By year's end, Windows 8 is going to be on every new PC around. You won't have to use it though. Here are five ways to skip getting trapped on the Windows 8 Metro.
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Once you try out the improved mouse and keyboard controls in the Consumer Preview you may find you don't dislike the Metro interface at all. Take a look at the average consumer PC and the desktop is covered side to side, top to bottom with shortcuts to applications and documents; Metro tidies that up, makes it as wide a screen as you want and adds live tiles for glanceable information like weather reports and calendar information - just what desktop gadgets always promised.
Windows 8 is coming this year, Windows 8 Consumer Preview will be out later this month, and the burning question is: does anybody care? ZDNet editor and long-time Linux proponent Steven J. Vaughan-Nichols claims Windows 8 will be DOA. Meanwhile, ZDNet Government and DIY-IT editor David Gewirtz (who claims all operating systems annoy him to one degree or another), claims Windows 8 is here to stay, that it matters for "real work," and so will Windows 9. In this video, originally presented as a live webcast on Feburary 15, 2012, here two opposing views on whether Windows is still relevant in a world where iPads, Android devices, and even Linux are grabbing more and more consumer attention:Discover why SJVN (as he's known to the blog-o-sphere) claims that the new Windows Metro user-interface is already stillborn and why Windows is just no longer relevant.Explore why Gewirtz (who recently vowed to move his servers back to Windows, with mixed technical results, and thousands of crazed ZDNet comments), claims that Windows is here to stay, new Microsoft UIs are often imperfect at first, and the Microsoft juggernaut will not be defeated.Learn about why the Post-PC era isn't really here yet and why most productive people can't really survive without a desktop PC or laptop.If you use computers in your business, Windows will be a factor. Don't miss this video featuring CBS Interactive's Distinguished Lecturer David Gewirtz, one of America's leading cyberdefense experts, and ZDNet Contributing Editor Steven J. Vaughan-Nichols, one of America's most-read technology journalists.Bring popcorn. Three ugly, middle-aged men argue about operating systems. It just doesn't get any better than this! Sparks will fly and there will be fireworks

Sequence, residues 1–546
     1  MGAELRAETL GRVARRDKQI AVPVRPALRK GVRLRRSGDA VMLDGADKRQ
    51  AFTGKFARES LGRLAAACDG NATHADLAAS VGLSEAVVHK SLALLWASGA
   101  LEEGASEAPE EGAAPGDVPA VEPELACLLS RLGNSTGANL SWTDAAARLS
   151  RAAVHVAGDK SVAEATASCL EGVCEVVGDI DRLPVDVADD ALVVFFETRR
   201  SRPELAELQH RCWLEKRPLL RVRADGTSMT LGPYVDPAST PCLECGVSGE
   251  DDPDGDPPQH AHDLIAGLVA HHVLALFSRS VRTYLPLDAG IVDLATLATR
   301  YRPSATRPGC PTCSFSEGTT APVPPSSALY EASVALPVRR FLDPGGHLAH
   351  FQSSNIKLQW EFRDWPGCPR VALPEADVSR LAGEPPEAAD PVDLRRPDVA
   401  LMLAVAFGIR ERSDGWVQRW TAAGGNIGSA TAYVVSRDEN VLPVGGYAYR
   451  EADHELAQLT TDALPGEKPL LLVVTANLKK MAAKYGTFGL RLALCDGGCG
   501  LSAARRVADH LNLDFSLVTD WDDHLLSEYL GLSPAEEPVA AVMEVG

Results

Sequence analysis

The transition from traditional Windows desktops to the Post-PC world, the ARM architecture and the Metro user interface is inevitable. But it won't a be quick one.
The Metro UI and the WinRT APIs will signal the end of the traditional Wintel platform and usher in a completely new generation of Personal Computers that will have little resemblance to their forebears.
The New York Times' Nick Bilton poses an interesting question on the Bits blog on February 25: Should and could PC operating systems look more like mobile operating systems? In Microsoft's case, that would mean Windows would get an overhaul so that the multi-touch "Metro" UI became the primary way users would interact with their PCs.